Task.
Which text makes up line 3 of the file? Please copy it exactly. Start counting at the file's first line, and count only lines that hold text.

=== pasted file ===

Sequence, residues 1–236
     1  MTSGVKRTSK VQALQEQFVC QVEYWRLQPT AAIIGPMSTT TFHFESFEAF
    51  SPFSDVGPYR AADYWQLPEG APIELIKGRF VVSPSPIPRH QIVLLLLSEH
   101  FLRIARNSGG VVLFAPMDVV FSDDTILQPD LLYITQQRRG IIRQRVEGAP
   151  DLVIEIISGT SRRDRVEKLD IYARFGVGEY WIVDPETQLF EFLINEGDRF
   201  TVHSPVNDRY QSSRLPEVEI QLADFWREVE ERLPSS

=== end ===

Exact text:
    51  SPFSDVGPYR AADYWQLPEG APIELIKGRF VVSPSPIPRH QIVLLLLSEH